Q&A: Are prior addicts covered by the ADA?
Q&ADisabilityDrug and Alcohol
Question: One of our employees failed a random drug test. He says the positive test occurred because he was prescribed methadone by his doctor to treat his addiction to opiates. Do we have to retain him? We’re concerned about safety.
Answer: If your drug testing process had included the services of a Medical Review Officer (MRO), a licensed physician with experience in substance abuse issues who reviews test results before they’re reported to an employer, the test result almost certainly would have been reported to you as negative. If the employee’s statement is true and the employee was using the medication properly under advice from his physician, then you cannot fire the employee for receiving medically supervised rehabilitation treatment. According to the National Institute on Drug Abuse, methadone has been used for over 40 years as an effective treatment for opioid addiction. Prior drug addiction is considered a disability under the Americans with Disabilities Act (ADA) and state law. The Equal Employment Opportunity Commission (EEOC) has filed multiple lawsuits against companies that discriminate against workers who use methadone pursuant to a doctor’s orders (see EEOC press releases 10/9/18 (wood products company), 6/29/18 (painting company), and 2/8/16 (temporary staffing agency)). Taking employment action against employees based on fears or stereotypes about their disabilities or treatment programs violates the ADA.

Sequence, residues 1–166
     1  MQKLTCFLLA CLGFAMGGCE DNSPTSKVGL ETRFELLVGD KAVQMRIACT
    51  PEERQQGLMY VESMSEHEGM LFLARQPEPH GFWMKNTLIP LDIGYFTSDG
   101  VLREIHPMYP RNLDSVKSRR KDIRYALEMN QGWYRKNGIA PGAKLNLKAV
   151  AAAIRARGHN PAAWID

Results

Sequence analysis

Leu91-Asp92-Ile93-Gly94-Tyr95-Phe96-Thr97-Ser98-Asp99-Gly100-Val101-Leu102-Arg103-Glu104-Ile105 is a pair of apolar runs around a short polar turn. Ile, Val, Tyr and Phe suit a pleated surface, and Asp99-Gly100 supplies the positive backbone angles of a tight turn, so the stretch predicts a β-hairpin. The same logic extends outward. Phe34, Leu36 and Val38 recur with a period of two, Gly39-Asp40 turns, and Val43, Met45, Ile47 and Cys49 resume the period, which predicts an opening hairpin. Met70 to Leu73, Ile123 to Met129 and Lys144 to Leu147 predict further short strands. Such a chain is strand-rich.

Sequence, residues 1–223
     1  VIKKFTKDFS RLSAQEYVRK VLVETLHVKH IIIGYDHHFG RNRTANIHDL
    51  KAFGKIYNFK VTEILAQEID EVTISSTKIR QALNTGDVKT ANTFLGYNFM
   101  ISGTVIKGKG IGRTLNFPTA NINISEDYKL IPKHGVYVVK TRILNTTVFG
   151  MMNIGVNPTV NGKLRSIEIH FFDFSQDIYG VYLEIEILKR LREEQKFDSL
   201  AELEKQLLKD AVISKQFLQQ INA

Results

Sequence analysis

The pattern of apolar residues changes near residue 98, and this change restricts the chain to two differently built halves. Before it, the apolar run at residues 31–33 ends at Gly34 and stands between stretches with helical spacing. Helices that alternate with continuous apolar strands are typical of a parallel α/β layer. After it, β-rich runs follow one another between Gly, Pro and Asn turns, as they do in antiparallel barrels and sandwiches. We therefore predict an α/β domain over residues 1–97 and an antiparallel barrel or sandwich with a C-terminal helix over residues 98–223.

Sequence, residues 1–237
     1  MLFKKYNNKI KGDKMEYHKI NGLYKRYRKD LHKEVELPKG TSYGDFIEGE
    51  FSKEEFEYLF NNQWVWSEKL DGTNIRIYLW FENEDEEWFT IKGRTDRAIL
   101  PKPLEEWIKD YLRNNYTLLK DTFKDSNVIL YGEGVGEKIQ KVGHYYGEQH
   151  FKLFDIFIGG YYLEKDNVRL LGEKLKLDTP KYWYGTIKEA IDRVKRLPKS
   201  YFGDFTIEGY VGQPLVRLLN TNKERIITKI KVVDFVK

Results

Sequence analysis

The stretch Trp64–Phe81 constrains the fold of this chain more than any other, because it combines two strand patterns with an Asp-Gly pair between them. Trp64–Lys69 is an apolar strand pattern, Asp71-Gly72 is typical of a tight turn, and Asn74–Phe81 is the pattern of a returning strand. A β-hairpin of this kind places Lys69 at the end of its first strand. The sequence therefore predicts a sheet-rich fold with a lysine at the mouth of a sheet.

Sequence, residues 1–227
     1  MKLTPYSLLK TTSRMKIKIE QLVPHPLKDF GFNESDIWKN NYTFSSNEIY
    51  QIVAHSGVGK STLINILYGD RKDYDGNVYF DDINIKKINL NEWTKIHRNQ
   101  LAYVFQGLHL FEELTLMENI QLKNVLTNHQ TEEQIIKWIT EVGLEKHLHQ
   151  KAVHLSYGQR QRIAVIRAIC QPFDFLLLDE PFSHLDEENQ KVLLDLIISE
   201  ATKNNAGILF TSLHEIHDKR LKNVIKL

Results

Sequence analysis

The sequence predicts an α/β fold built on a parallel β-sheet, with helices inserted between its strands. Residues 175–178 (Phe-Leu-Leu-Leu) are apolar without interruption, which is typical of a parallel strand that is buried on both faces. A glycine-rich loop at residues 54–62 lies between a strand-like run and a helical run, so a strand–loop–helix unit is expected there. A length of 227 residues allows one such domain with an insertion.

As for your safety concern, the ADA allows you to seek a medical opinion regarding whether an employee poses a direct threat to health and safety at work. However, you cannot ask for medical information based on assumptions and speculation. Ideally, you should identify specific behaviors and observations that justify the inquiry. In this instance, if the employee has been performing his job successfully and you haven’t actually observed any problematic behavior or safety issues that could be side effects of the medication, you may have difficulty showing that your request was job-related and consistent with business necessity if you are later challenged on it. When balancing ADA compliance with workplace safety, though, there may be times when you land on the safety side of the equation and you decide to proceed with requesting a fitness-for-duty exam. If you take that step, you should provide a copy of the job description, describe the employee’s work schedule, explain your understanding that the employee is taking a specific medication, and ask the doctor to verify that the employee can perform the job safely. See our Model Form, Fitness-for-Duty Report.
Some employers also choose to have a policy that requires employees in safety-sensitive positions to disclose the fact that they are taking medications that may impair their safety on the job. With this policy, employees should be instructed not to name the medication in their disclosure. Then the employer can ask for a fitness-for-duty report to address any safety concerns without getting mired in private medical matters.
Compliance with the ADA is a tricky business. A host of legal obligations may be triggered when you receive notice that an applicant or employee has a disability. You can ask for a fitness-for-duty exam only if the disability actually affects the individual’s ability to perform the job. A specific analysis is required in each case. Call your Vigilant Law Group employment attorney before you proceed. For more information, see our Legal Guide, Prescription Drugs in the Workplace. You may also find it helpful to review the Job Accommodation Network’s web page on drug addiction.